New Zealand-founded on-demand laundry delivery startup Laundromap has launched in Perth and Sydney with ambitious plans to shake up the dry cleaning space, following a successful launch at home.
The startup is now eyeing a $3 million capital raise to expand its footprint in Australia and acquire its own laundry and dry-cleaning facilities, with the aim of becoming “the first standardised, national, ‘on demand’ dry cleaning brand”.
The Laundromap concept was born after its co-founder Adam Plowman grew tired of taking his dry cleaning in to work each day and wondered if there was a better solution.
“He [Plowman] got sick and tired of forgetting to pick his laundry up and drop it off, so he went about researching some sort of pick up service to get a little bit of time back in his day and get that job off his list,” Laundromap co-founder Hayden Foster tells StartupSmart.
After doing a bit of research, Plowman found some good examples overseas, but still couldn’t find a startup offering these services back home. Seeing a gap in the market, Plowman, Foster and fellow co-founder Sam MacDonald jumped on the opportunity, and after a period of market testing and validation Laundromap was founded in early 2016.
The startup allows consumers to outsource their dry-cleaning and laundry by offering home or office pickup and delivery seven days a week between the hours of 7am-10am — an offering that’s already proved popular with users in New Zealand.
The startup says its app has been downloaded more than 15,000 times since launching in Auckland, Wellington and Christchurch at the end of last year. Foster hopes to replicate this success with its rollout in Perth, which took place in May this year, and in Sydney, which commenced this week.
Laundromap is now looking to launch in Melbourne and Brisbane late this year or early next year, and has plans of “aggressively expanding our footprint” in the country before potentially tackling new markets in Asia, Foster says.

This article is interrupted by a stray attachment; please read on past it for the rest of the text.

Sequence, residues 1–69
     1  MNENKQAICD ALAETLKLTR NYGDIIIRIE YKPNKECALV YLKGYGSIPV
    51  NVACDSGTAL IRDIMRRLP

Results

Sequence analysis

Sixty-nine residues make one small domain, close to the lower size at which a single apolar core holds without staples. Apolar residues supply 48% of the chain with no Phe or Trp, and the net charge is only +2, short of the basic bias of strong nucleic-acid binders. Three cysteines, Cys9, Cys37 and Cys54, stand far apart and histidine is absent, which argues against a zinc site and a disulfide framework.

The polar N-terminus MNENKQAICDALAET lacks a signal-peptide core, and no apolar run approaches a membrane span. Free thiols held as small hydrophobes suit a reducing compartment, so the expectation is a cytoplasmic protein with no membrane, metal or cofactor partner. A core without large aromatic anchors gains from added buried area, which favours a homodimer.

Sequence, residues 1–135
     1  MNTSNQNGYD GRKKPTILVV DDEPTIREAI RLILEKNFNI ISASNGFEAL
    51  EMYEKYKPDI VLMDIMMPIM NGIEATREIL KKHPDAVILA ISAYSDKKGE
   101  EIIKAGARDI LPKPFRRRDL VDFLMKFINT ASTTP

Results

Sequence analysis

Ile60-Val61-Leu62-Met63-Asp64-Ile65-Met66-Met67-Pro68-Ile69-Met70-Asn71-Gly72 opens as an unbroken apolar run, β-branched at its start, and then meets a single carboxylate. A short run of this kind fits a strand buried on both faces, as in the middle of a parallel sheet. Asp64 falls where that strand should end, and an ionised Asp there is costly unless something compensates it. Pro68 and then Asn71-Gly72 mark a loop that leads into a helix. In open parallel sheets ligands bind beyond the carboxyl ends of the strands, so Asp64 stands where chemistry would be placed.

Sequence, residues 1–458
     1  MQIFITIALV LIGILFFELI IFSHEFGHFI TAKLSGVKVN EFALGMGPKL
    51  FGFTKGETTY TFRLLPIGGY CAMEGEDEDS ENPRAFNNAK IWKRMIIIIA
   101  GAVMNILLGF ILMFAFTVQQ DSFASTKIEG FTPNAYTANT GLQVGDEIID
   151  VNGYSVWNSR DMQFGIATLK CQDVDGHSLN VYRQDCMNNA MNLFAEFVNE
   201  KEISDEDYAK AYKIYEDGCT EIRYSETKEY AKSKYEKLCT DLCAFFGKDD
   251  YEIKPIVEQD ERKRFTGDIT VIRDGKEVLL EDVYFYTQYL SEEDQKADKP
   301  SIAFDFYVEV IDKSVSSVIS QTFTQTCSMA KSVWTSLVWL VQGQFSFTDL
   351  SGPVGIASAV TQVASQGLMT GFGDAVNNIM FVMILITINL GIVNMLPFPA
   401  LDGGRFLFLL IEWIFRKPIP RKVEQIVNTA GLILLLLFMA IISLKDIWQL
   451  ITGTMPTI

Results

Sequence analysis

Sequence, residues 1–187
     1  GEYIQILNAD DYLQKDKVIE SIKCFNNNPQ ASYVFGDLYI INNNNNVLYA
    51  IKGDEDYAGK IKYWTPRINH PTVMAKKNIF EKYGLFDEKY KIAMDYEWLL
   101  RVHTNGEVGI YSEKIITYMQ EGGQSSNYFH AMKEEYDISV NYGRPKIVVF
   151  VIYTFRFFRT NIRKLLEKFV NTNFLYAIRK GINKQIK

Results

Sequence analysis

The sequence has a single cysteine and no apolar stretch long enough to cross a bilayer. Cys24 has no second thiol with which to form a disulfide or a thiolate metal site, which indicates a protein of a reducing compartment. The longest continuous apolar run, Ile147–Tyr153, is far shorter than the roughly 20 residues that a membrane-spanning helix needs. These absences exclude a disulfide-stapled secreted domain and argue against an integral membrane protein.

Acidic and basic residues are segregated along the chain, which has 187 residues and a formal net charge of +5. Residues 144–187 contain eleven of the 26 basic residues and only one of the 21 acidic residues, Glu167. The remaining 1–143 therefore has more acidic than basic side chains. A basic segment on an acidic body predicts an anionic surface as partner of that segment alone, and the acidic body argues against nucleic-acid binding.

The startup is already growing at a monthly rate of 30% in terms of order volume and revenue, and Foster says it will be rapidly growing its current team of 10 managers and 30-40 drivers to keep up with demand for the service as it ramps up its Sydney offerings.
“Bringing dry cleaning into the 21st century”
The dry-cleaning industry is a sector that generally “doesn’t employ tech very well”, according to Foster, which is why Laundromap sees itself as “bringing the dry cleaning industry into the 21st century” with its online, customer-service oriented offerings.
“There are [laundry] pickup collection services all over the show but we really see technology as being a big enabler for making that more efficient and effective,” Foster says.
“The market is really ready for it. If you look at adoption of food delivery services they are proliferating and getting really good traction, because everyone is now comfortable with doing everything on your phone.”
While Laundromap’s offerings may seem akin to the Deliveroo or Uber for dry cleaning, Foster is quick to eliminate any parallels between these services and his startup’s offerings.
“One of the key things we focused on early on was to look at the different [on-demand] models and almost immediately we discounted that Uber model where you’ve got independent contracters,” he says.
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Foster says when it comes to handling people’s prized dresses and best suits, a personal, trustworthy and reliable approach was needed.
“We work really hard to recruit the right drivers who are really engaged and big on customer service,” he says.
“People are entrusting us with their valuable clothes … it’s really critical to own that customer experience.”